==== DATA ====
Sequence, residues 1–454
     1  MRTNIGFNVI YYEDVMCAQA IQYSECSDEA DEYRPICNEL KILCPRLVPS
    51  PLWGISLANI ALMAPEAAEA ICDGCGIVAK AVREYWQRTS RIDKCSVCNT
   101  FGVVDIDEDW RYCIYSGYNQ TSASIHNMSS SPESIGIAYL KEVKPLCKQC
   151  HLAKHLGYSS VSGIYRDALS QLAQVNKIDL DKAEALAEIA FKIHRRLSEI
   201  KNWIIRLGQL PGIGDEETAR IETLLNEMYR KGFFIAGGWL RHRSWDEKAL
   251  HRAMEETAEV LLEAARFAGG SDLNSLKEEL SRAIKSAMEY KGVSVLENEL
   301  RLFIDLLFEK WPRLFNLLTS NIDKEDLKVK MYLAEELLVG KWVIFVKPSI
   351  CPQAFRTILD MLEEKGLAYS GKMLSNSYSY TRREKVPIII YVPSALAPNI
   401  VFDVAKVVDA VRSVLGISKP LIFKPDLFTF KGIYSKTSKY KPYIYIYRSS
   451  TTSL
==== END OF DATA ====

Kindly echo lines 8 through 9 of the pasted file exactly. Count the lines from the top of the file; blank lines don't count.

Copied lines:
   301  RLFIDLLFEK WPRLFNLLTS NIDKEDLKVK MYLAEELLVG KWVIFVKPSI
   351  CPQAFRTILD MLEEKGLAYS GKMLSNSYSY TRREKVPIII YVPSALAPNI